Sunday, June 23, 2013

Review: (Fringe) Borderlamd (Montreal)

Failure to Engage
by Élaine Charlebois
Borderland tells the story of a young Navid, a gay Iranian man who has fled his home country in search of a safe place where he can be himself without fear. Along his journey, he meets Zia, the man in charge of getting him safely to his hiding place in Borderland, and Leila, the woman who takes him into her home. Each of these characters is played by Etemadi.

Although the subject matter of this piece is definitely important and deserves to be given much attention, the performer’s awkward delivery and his questionable decision to incorporate song into the piece took away from the show’s strong potential. Trying perhaps too hard to evoke emotion and inner-struggle, Etemadi’s performance often came across as sappy. While the piece did successfully highlight how heavily homosexuality is criminalized in Iran, the lack of cohesion between the events that bring Navid to proudly affirm his sexual identity weakened the effect of the message the play was trying to convey. Rather than adding somewhat pointless details to certain characters (i.e. Zia’s addiction to cocaine), Etemadi should have taken the opportunity to delve further into the dangerous tension that exists between the theocratic state in Iran and the LGBT community. Though the concept had the potential to develop into a powerful piece, the shortcomings of its storyline and character development failed to make Borderland an engaging show.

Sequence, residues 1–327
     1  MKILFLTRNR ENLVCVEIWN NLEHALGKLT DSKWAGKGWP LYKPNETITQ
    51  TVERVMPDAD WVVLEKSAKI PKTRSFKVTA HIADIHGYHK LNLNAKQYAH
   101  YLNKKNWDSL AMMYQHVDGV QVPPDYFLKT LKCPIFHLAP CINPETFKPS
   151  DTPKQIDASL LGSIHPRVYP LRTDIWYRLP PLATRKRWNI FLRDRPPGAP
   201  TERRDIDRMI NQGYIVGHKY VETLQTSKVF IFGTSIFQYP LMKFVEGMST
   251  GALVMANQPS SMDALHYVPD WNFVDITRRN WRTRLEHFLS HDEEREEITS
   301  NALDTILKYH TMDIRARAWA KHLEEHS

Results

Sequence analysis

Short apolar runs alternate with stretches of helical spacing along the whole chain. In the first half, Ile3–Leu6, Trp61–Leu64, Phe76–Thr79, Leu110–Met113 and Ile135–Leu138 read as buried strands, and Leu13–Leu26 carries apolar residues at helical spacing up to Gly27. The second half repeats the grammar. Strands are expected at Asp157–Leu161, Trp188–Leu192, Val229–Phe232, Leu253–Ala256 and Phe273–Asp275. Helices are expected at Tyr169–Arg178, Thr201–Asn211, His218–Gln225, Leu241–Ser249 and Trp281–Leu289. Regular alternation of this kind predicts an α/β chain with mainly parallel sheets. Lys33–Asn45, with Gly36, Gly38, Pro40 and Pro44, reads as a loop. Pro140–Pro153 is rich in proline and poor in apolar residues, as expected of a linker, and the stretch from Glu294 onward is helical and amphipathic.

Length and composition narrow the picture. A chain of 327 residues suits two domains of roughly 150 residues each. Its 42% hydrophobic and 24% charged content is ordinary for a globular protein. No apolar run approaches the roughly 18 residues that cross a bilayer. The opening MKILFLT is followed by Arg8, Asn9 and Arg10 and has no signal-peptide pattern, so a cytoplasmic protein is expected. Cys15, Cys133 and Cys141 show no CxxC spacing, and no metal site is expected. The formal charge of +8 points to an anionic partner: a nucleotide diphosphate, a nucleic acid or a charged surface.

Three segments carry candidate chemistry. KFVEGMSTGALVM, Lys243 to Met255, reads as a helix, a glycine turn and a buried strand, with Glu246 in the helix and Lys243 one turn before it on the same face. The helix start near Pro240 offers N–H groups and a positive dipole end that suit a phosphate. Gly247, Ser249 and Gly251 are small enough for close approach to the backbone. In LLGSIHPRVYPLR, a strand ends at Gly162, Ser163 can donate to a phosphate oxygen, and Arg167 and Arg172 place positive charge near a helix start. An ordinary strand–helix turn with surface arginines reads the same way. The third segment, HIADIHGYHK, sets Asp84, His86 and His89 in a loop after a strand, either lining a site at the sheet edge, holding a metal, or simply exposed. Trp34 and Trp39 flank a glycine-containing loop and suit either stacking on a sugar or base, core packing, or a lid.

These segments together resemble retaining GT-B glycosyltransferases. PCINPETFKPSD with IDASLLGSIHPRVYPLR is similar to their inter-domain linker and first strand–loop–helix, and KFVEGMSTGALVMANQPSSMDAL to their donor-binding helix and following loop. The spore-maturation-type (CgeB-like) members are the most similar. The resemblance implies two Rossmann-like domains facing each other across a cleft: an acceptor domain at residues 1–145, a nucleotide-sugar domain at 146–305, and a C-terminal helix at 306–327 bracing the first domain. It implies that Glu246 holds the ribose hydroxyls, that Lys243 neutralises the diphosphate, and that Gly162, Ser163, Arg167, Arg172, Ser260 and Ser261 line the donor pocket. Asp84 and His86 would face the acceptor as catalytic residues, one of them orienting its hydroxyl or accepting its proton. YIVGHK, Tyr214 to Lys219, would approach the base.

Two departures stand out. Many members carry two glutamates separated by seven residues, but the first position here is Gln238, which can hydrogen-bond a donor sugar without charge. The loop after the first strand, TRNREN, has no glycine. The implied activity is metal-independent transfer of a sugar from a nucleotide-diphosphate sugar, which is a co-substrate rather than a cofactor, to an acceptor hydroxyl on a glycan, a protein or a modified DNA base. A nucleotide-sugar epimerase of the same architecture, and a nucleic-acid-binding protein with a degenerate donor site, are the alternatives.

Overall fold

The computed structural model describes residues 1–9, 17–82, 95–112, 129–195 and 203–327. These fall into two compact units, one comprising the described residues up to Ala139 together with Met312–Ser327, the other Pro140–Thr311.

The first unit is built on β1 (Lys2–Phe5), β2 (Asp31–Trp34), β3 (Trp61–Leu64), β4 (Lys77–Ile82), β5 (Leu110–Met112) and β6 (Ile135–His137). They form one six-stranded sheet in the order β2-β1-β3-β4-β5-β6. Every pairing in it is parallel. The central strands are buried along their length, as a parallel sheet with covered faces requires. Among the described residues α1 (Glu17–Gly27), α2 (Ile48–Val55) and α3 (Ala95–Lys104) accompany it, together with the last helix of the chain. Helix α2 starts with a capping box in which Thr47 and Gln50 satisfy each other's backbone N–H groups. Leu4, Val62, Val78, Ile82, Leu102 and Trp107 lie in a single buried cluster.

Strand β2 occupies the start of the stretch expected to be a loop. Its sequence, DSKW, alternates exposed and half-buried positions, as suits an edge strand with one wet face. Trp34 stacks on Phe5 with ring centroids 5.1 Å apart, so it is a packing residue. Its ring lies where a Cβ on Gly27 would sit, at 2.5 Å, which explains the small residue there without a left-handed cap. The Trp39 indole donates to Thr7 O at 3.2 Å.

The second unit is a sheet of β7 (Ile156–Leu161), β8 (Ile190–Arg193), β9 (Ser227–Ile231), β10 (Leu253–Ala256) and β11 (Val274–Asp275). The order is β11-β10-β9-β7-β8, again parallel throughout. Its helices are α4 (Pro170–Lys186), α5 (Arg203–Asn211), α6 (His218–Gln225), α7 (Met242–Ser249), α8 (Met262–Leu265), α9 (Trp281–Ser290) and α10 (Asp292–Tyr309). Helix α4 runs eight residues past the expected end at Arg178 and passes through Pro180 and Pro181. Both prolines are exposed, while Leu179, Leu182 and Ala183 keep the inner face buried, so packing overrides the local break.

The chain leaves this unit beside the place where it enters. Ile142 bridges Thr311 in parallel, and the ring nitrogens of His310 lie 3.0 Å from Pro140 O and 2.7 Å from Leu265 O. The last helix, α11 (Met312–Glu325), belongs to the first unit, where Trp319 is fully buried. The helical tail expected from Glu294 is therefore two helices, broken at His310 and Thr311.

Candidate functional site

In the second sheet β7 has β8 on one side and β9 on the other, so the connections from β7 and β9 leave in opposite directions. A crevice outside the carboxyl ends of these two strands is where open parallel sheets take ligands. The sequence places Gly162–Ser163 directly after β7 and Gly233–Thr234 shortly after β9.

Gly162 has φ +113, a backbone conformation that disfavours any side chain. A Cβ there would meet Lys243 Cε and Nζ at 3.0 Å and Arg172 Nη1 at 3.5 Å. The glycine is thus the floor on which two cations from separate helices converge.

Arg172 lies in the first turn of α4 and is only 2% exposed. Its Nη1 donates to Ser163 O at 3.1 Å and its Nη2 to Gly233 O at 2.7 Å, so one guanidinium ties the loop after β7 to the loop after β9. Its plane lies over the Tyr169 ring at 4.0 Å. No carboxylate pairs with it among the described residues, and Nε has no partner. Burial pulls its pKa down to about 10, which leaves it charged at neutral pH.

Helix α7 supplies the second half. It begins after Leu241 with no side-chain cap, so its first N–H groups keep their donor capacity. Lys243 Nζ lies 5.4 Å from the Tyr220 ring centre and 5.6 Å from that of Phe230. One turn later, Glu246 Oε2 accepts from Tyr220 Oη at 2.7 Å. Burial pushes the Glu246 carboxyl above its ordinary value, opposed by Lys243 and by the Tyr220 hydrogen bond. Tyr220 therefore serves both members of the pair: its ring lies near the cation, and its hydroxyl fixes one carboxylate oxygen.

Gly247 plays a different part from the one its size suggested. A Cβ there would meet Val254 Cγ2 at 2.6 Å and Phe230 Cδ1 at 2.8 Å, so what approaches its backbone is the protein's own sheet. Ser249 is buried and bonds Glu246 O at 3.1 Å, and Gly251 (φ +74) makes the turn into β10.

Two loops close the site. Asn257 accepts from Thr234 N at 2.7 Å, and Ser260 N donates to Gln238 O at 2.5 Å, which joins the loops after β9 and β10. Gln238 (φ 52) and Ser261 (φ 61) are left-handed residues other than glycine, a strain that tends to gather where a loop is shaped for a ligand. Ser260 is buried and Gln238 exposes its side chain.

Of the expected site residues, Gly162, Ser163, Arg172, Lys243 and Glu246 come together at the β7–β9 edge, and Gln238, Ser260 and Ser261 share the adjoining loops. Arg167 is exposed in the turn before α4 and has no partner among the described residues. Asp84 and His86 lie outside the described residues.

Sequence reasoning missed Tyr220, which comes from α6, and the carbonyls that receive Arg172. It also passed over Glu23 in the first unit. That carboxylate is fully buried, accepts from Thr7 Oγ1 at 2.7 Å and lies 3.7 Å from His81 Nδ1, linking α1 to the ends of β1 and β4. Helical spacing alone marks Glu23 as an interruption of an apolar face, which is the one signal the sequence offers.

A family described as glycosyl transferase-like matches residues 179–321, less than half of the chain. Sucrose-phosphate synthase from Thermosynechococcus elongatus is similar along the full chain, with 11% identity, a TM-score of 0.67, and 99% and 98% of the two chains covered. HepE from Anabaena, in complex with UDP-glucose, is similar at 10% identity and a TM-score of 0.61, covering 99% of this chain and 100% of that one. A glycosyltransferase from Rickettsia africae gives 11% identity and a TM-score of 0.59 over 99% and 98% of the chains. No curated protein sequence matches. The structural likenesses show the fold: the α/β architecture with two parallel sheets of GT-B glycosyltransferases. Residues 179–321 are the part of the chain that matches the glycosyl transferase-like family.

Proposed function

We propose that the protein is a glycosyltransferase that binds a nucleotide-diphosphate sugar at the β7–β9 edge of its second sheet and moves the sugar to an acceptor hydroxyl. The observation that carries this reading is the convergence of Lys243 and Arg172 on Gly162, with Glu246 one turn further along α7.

Borderland concludes today at 7 pm the Montreal Fringe but will also be seen at the Regina, Hamilton, Calgary and Edmonton Fringes

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